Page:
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1977  260Z Review
  • Incredible good looks!
  • Incredibly hard to drive!

by Ben C

Take a look at the first incarnation of the Nissan Z-Car, I wonder if Mr. Matsuo had any idea of the juggernaut he was creating, the two-door rear wheel drive, front engine design that would ultimately define a generation and form some of the most iconic cars out of Japan. The idea that would later spawn the Skyline, its super hero cousin, Italian stallion scaring, GTR and not to mention the more sedate and gentlemen…or porn producer.. friendly Z-Cars of the current era.

The reality of the 260Z is, no matter what camp of car consumer you identify to, the bite your hands good looks and outright beauty in appearance has survived the test of time, the long sweeping bonnet, swept back windows and flared guards are something that we still see today, need proof; Ferrari California, Corvette, the BRZ/86. Put simply the absolute stunning nature of this timeless beast would surely even impress Nas Campanella

But, I want to get this off my chest early, the 260Z I was given to review was terrible. We all have these romantic notions about cars from a previous generation, the sound of the exhaust, the feel of a carburetted engine, rolling through the hills on a sunny afternoon with our lady friend, to park right outside the café and drink latte, while passes by admire the elegance and simplicity of what is presented before them. But, the simple reality is, classics are about as temperamental as a Greens back-bencher. Trundling the 260Z around the place is downright hard, once a not insignificant amount of time is spent letting the engine warm up, it then needs to be feathered between shifts to stop the horrendous sound of misfires, the gear shift is implausible difficult, it weighs in at broadly what you find a track ready V8 Supercar and to get the thing moving from lights requires the skill set of Garth Tander.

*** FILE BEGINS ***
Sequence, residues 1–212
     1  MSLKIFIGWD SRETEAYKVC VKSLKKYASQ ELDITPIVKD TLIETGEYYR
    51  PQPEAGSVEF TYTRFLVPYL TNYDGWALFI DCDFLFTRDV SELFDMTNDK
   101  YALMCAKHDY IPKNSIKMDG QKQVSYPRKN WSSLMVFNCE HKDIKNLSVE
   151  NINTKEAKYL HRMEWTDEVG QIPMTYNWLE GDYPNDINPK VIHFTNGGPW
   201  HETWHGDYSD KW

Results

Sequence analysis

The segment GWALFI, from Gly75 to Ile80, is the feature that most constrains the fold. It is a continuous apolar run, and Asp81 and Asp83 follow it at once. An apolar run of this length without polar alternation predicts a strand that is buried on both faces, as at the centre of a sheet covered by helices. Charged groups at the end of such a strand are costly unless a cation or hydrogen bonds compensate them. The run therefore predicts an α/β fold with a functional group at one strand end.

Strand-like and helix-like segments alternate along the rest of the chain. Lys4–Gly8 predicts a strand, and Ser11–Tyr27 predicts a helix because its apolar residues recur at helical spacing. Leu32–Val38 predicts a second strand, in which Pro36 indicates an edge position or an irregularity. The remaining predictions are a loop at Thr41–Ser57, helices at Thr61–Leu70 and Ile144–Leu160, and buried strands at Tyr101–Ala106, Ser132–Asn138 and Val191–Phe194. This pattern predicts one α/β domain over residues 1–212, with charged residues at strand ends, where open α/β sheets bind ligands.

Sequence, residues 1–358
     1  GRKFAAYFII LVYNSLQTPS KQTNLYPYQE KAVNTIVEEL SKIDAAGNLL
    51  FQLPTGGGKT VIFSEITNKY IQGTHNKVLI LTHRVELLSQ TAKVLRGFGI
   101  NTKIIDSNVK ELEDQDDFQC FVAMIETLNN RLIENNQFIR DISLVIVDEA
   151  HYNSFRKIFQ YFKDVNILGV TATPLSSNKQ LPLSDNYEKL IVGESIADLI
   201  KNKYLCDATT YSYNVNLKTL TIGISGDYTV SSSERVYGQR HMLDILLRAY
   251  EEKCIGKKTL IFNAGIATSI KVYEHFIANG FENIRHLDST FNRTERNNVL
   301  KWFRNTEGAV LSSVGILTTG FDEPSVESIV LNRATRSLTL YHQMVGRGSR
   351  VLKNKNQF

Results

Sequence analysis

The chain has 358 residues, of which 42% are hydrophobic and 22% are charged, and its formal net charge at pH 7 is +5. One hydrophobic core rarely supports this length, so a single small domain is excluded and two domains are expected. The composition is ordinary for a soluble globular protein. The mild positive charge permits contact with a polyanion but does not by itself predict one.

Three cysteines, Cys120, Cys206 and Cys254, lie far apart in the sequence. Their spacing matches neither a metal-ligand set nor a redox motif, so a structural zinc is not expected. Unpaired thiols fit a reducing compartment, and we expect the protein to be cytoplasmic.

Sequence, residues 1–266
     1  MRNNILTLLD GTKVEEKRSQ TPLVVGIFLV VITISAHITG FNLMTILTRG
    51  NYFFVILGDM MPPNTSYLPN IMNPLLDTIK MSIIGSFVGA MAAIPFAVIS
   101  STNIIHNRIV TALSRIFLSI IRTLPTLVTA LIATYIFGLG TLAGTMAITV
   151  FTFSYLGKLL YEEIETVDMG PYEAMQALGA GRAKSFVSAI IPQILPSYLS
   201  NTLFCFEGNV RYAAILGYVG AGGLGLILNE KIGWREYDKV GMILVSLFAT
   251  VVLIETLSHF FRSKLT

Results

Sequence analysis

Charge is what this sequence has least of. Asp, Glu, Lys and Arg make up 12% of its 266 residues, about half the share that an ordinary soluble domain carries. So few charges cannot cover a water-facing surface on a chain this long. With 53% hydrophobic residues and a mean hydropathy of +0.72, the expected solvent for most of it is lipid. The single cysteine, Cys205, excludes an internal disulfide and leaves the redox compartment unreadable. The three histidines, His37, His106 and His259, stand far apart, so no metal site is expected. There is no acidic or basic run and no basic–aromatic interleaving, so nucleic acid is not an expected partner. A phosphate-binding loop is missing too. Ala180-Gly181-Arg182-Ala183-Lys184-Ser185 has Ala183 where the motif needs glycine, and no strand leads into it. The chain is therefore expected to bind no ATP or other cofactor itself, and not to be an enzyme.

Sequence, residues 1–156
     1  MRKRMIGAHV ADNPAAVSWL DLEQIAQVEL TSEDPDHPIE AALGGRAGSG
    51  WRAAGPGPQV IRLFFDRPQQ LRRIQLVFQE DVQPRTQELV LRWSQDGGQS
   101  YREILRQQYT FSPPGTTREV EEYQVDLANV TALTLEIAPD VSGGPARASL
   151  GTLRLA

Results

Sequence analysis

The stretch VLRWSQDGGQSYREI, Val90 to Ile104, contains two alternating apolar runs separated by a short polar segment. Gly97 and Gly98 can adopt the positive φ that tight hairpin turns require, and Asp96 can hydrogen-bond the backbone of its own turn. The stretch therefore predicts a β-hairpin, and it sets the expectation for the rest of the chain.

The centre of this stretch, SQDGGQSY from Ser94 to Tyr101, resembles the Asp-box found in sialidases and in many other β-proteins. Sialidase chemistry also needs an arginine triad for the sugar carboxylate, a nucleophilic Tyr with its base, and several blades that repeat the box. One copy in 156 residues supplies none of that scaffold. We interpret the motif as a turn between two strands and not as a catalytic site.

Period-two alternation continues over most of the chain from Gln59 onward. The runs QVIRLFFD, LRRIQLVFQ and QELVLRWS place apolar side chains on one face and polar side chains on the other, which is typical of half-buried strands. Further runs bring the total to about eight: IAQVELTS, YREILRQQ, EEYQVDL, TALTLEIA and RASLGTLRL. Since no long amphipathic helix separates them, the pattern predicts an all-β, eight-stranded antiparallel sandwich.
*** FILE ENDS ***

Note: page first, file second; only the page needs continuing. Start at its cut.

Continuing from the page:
But the dichotomy of this is the incredible sound of the exhaust that comes from the 130kw, straight 6, triple Webber Carby fed engine, while not deafening, it is a sound that could replace pacemakers. The feel of the 255 wide tires and Koni adjustable suspension offers a ride quality that is nothing short of impeccable. The 260Z will glide over undulations and potholes without a second thought and the steering while heavier than gravity itself offers a kind of lazy, relaxed feel to corners, as if, apexes are no longer important. And this leads me to perhaps the best defining factor of the 260Z; the fact it is, simply, slow. Hear me out here; we have all taken a girl for a drive up in the hills with every intention to impress, to only end up with nothing more than a passenger side full of vomit and a crying specimen of the breed (this has literally happen to me, several times). But in the 260Z, you experience the thrill of a Sunday drive, while actually moving forward at a really slow rate. The vast and downright simplicity of the 260Z would possibly make it the ultimate Sunday tourer, the car you use in a mating ritual with the opposite sex. While The 260Z is not a car you would even humor the idea of daily driving; next time I have a lady friend to take to dinner, I’ll take the slowest car I have driven in the a long time, I’ll take the 260Z. Did I mention I am single?

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1977  260Z Review Review
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